ASSERT(m_pWnd);

    //
    // Make a double click work right
    //
    if(dwClick & CLICK_DOUBLE)
        Click(CLICK_UP, pt);

    if(m_rc.PtInRect(pt))
    {
        //
        // Inside this button
        //
        if(IsActive() && !bOn)
        {
            CWnd* pParent = m_pWnd->GetParent();

            if(pParent)
                pParent->SendMessage(WM_COMMAND, m_nID, 
                                     (LPARAM)m_pWnd->GetSafeHwnd());
        }

        Activate(bOn);
    }
    else
    {
        //
        // Outside this button
        //
        if(IsActive())
            Activate(false);
    }
}

The numeric keypad implementation is quite straightforward. The value being edited is always a double that can be converted to an int or a CURRENCY. It is displayed in a format that the client chooses:

enum Format
{
    fmtInteger,   // An integer
    fmtNumber,    // Locale number
    fmtCurrency   // Locale currency
};

To consume this class, create an instance of CNumPadDlg using the appropriate constructor arguments:

CNumPadDlg(enum Format format, BOOL bTemplate, CWnd* pParent = NULL);

Before calling the object's DoModal function, set the keypad value using one of:

void SetIntValue(int nVal);
void SetDblValue(double dblVal);
void SetCurValue(CURRENCY cyVal);

Retrieve the keypad value using the corresponding get function:

int      GetIntValue();
double   GetDblValue();
CURRENCY GetCurValue();

And that's it!

Final Notes

This code uses Giuseppe Govi's STL implementation. It's a bit minimal but sufficient for most Pocket PC applications (and is compatible with eVC3).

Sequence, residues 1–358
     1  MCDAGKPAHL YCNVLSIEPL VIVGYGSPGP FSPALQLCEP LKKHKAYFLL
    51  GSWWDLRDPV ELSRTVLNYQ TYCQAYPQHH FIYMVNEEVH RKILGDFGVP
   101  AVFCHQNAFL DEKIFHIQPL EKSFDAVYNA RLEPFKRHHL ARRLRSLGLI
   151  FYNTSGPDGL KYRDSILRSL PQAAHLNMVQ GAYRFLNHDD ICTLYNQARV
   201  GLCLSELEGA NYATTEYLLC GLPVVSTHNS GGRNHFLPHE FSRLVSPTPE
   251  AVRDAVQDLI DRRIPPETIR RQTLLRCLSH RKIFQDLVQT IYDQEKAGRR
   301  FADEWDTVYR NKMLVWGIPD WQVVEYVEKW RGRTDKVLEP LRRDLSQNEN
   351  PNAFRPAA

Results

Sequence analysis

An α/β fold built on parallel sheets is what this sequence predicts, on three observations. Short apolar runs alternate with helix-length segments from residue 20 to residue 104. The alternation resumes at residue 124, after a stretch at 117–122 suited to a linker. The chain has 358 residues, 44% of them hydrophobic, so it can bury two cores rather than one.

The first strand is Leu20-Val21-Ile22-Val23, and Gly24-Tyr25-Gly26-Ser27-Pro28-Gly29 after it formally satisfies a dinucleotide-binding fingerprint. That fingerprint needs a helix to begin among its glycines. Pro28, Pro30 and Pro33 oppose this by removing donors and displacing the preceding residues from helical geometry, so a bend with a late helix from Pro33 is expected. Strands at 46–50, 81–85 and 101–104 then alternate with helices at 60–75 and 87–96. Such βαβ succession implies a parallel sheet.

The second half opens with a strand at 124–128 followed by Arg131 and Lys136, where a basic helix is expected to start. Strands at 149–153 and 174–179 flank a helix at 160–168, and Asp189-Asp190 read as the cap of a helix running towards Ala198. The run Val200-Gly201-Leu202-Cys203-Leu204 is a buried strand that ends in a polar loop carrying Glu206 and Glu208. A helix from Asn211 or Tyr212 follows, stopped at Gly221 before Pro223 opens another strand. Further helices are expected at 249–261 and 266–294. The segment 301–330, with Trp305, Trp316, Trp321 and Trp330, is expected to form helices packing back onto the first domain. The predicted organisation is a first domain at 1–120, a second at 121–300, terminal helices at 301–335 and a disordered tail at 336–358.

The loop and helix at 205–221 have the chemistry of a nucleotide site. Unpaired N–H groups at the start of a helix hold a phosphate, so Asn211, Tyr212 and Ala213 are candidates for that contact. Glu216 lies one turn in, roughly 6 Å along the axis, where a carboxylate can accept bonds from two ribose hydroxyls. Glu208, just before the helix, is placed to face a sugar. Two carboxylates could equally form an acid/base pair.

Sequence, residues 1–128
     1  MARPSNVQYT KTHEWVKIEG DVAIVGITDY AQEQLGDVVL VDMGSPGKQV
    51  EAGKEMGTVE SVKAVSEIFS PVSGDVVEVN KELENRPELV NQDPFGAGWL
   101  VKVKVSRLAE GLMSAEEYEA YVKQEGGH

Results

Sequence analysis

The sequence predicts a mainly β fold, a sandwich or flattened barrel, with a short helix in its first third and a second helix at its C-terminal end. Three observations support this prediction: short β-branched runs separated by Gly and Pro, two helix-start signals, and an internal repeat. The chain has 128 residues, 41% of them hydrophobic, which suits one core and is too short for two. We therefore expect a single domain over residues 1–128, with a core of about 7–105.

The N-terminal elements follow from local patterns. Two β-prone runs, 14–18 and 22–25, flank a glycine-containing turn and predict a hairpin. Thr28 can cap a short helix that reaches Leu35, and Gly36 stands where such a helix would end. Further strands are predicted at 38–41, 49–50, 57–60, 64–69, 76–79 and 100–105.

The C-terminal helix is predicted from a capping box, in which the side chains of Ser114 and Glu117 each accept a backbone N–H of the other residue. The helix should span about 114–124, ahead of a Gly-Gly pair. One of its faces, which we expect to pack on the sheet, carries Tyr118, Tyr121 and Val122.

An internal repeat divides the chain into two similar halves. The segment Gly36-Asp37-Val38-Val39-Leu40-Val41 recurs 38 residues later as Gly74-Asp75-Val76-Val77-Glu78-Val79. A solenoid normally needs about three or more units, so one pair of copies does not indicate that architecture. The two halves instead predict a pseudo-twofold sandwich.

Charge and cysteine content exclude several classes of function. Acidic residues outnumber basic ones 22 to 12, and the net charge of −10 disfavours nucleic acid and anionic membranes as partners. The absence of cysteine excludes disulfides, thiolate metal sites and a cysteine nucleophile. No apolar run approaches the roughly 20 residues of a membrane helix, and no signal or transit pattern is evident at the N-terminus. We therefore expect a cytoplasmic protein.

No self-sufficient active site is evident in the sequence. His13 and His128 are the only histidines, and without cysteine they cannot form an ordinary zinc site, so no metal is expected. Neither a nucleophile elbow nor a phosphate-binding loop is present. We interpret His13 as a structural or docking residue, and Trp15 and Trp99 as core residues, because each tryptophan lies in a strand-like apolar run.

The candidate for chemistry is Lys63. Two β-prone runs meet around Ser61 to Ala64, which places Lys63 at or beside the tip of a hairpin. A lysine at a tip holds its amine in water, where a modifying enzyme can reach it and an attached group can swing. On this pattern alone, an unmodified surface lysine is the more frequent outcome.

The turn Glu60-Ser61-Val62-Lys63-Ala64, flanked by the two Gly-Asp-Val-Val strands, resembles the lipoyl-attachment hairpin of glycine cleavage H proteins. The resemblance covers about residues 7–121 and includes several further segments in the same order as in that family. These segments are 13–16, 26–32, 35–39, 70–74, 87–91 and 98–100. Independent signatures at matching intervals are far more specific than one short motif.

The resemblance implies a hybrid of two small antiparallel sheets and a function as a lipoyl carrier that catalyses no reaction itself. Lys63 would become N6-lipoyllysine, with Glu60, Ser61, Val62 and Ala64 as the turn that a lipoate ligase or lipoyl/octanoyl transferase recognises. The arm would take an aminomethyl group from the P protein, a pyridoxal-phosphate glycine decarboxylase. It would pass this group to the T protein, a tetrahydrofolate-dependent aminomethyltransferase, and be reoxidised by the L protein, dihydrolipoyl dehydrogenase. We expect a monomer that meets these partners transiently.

License

This article, along with any associated source code and files, is licensed under The Code Project Open License (CPOL)

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About the Author

João Paulo Figueira
Software Developer Frotcom International
Portugal Portugal
I work on R&D for Frotcom International, a company that develops web-based fleet management solutions.
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Comments and Discussions

 
GeneralMoving to VS 2005 PinmemberAlexEvans22-Jan-07 17:31 
Generali am trying to debug the source under evc4, but.. PinmemberMatii yan13-Dec-05 18:55 
GeneralRe: i am trying to debug the source under evc4, but.. PinmemberJoão Paulo Figueira13-Dec-05 22:41 
GeneralRe: i am trying to debug the source under evc4, but.. PinmemberMatii yan15-Dec-05 15:35 
GeneralRe: i am trying to debug the source under evc4, but.. Pinmemberd-foss@online.no31-Jan-06 5:44 
GeneralRe: i am trying to debug the source under evc4, but.. PinmemberJoão Paulo Figueira31-Jan-06 6:33 
GeneralRe: i am trying to debug the source under evc4, but.. Pinmemberd-foss@online.no31-Jan-06 6:52 
GeneralRe: i am trying to debug the source under evc4, but.. PinmemberJoão Paulo Figueira31-Jan-06 6:58 
Generalbuild error Pinmemberzjzes4-Sep-05 3:39 
GeneralRe: build error PinmemberJoão Paulo Figueira4-Sep-05 7:07